Westminster Bowler 9th In Tourney


May 26, 1991|By Donald G. Vitek

Several Carroll bowlers competed in the Coors Light $25,000 Silver Bullet Duckpin Classic at Turner's Long Meadow Bowl in Hagerstown (Washington County) last Sunday.

This tournament, one of the largest, had 273 competitors from Connecticut, Rhode Island, Pennsylvania, Virginia, West Virginia and Maryland.

Eddie Holmes of Westminster, bowling out of Fair Lanes Owings Mills in Baltimore County, placed ninth. He lost his second stepladder match in the championship round to Bob Subock of Baltimore County.

That ninth-place finish was worth $235 to the 129 average duckpin bowler. Holmes has a high game of 205 and a high set of 485 and has beenbowling for 18 years.

"The television lights were hotter than I thought they would be," said the auto painter for Miller Brothers Chevrolet. "But it was a great experience."

Jeff Fleming of Mount Airyfinished 27th in his first Coors Light tournament. Fleming, a service manager for Finch Services, carries a 119 average and is a coach for the youth leagues at Mount Airy Lanes.

"The staff at Hagerstown was fantastic," Fleming said. "And the bowlers I met were just super;everybody was really up for this tournament and the excitement was too much."

Diane Spielman, a bowler at Thunderhead Lanes in Westminster, placed 15 among 128 women, earning her $95. Her 1040 total was just six pins short of qualifying her for the stepladder finals.

Dorren Blizzard's 60th place finish was good for $30.


Some of the youngsters in the Saturday Morning Sharpshooters League at Thunderhead Lanes in Taneytown have been pretty successful throwing their duckpin balls, says coach and league secretary Marie Hobbs.

Hobbs, a certified duckpin coach, does her bowling with the big ball; she carries a 154 tenpin average and in 1989 won the Carroll County Best Bowler tournament at the old Lucky Strike Lanes in Westminster.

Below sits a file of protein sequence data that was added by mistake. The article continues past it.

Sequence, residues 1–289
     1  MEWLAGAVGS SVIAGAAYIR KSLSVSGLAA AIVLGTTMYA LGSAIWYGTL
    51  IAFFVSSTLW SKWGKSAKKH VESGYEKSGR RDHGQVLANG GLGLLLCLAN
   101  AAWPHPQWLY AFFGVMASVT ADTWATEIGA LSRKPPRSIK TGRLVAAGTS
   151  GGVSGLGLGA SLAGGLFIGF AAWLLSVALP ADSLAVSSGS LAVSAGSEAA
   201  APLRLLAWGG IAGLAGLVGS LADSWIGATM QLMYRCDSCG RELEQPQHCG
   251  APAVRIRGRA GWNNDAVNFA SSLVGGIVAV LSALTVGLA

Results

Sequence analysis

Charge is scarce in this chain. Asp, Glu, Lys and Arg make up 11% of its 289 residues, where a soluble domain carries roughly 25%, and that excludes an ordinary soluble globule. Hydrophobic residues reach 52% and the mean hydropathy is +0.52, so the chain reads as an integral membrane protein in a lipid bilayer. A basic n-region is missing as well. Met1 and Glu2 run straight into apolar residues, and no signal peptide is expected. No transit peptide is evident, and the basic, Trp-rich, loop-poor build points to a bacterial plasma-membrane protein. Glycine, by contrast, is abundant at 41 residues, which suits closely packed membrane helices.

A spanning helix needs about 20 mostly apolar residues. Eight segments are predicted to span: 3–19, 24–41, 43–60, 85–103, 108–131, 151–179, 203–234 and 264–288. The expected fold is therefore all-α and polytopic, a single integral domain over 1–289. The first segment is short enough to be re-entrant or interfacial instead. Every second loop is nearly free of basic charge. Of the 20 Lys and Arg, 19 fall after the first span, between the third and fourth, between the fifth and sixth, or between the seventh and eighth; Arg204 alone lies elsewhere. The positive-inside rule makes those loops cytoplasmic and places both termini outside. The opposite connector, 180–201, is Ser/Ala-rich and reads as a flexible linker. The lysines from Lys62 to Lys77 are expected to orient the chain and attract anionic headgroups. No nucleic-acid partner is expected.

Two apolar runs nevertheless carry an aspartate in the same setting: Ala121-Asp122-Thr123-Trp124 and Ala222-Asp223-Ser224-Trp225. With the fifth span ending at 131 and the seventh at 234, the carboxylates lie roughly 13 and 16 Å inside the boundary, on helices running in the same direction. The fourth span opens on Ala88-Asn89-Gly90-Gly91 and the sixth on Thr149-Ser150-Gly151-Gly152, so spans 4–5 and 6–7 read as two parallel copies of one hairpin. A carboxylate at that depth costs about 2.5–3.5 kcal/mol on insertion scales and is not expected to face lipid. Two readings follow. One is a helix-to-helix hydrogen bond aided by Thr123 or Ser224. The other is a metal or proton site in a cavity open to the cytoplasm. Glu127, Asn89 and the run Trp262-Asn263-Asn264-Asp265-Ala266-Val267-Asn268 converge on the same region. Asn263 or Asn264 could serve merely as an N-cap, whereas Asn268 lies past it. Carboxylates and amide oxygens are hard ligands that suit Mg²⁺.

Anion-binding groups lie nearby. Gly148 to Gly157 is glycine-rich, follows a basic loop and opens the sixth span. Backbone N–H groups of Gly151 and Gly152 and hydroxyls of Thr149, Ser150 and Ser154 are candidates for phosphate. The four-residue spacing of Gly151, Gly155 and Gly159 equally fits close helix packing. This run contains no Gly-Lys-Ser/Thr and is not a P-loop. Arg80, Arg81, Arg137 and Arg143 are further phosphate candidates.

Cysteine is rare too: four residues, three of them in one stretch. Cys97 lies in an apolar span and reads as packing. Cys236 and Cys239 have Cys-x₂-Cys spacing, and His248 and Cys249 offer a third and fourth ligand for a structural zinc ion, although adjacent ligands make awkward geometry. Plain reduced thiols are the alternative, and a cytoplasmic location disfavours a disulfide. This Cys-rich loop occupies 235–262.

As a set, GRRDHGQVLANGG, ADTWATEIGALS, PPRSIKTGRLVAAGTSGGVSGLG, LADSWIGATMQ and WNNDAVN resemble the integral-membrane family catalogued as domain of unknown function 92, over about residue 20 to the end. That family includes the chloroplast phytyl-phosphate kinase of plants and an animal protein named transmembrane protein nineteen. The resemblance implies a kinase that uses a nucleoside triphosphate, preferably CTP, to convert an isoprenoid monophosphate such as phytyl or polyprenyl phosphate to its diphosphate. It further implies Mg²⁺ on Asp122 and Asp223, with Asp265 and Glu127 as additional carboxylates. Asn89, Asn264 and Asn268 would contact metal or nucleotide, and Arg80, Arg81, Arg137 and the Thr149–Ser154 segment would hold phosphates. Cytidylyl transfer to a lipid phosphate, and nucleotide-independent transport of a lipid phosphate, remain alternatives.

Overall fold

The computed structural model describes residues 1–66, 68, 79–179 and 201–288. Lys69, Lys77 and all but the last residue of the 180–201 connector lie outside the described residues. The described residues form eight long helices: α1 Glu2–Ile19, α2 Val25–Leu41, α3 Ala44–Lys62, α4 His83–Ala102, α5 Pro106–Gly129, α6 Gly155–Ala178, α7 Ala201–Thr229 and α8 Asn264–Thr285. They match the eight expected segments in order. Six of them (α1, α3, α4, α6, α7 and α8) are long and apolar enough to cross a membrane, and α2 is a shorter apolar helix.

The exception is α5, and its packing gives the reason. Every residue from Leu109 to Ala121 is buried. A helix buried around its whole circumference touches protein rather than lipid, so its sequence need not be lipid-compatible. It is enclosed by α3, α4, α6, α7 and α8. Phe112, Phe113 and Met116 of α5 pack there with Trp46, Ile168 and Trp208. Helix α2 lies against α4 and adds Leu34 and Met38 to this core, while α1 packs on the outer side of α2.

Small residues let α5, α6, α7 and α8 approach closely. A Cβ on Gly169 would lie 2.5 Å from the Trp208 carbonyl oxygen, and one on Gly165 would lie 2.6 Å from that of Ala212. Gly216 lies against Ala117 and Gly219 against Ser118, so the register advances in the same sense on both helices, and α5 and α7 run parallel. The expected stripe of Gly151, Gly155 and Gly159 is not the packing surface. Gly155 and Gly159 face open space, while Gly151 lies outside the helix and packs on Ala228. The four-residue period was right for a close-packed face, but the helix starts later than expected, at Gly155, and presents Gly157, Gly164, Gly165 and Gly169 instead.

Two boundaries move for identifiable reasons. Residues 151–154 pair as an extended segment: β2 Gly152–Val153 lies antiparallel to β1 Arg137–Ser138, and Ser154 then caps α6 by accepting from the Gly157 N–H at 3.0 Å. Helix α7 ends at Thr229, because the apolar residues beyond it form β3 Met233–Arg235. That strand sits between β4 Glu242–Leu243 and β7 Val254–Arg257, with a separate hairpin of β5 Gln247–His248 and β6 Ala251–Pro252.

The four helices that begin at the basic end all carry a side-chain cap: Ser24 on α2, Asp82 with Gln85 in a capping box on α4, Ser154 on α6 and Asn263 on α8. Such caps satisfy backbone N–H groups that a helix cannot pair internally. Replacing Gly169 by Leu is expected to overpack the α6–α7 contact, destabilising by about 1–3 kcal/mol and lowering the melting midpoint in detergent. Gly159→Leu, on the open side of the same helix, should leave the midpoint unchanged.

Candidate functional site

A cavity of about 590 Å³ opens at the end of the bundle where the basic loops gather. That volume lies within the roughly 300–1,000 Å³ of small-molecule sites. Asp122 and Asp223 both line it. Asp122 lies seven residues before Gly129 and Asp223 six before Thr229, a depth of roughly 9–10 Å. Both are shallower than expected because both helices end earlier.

To win that tournament, Hobbs had to win all four stepladder final games under the television lights. That victory was worth $500 and a large trophy.

In the end- of-the-season Spring Tournament at Taneytown, John Hawks Jr. took first place with a game 61 pins over his average.In the girls division, Liz Gass threw a game that was 83 pins over her average for her first-place win.

Autumn Naill, 20 pins over heraverage, and Steven Schull, with 18 pins over his average, were the Most Improved Bowlers.

High average for the girls was Ann Ogle's 128; Chris Cole's 116 was high for the boys.

High series for the girls went to Sameria Howard's 343, and for the boys it was Travis Howard's 375 series.

Liz Gass' 138 was good for the girls high game and Joseph Purdy threw a 133 for the boys high game.

Jody Rodkey's 83 pins over average was good for second place in the boys division and Melanie Poff was 51 pins over average for second place in the girlsdivision.


Jack Devault spent the morning of May 5 on the golf course.

He did pretty good, too. Devault, an 18-handicap, won the Plus Program Tournament at West Winds in Frederick County and took home a set of clubs.

On the way home, Devault stopped in at Mount Airy lanes. The center was packed with bowlers, because it was the final day of the Wayne Logue Memorial Handicap Singles Tournament.

What was more natural than Devault deciding to take part in the tournament? Certainly the first three frames of the first game were nothingexciting; nine pins on the first ball for the opening three frames and three one pinners missed. Result: a 138 game. Not bad, but it won't win tournaments.

Devault came back in the next two games. The second was a 189, the third a 176 for a three-game scratch total of 503. Add his handicap and he had a 533 set and the first-place prize.

About 20 years, Devault began duckpin bowling. He bowls in the Monday Night Industrial league, the Wednesday Majors and the Friday Mixed -- all at Mount Airy lanes.

Jack's average is 136 with a high gameof 227 and a high series of 545.

So here's the formula for winning duckpin tournaments: go win a golfing tournament first.

Baltimore Sun Articles
Please note the green-lined linked article text has been applied commercially without any involvement from our newsroom editors, reporters or any other editorial staff.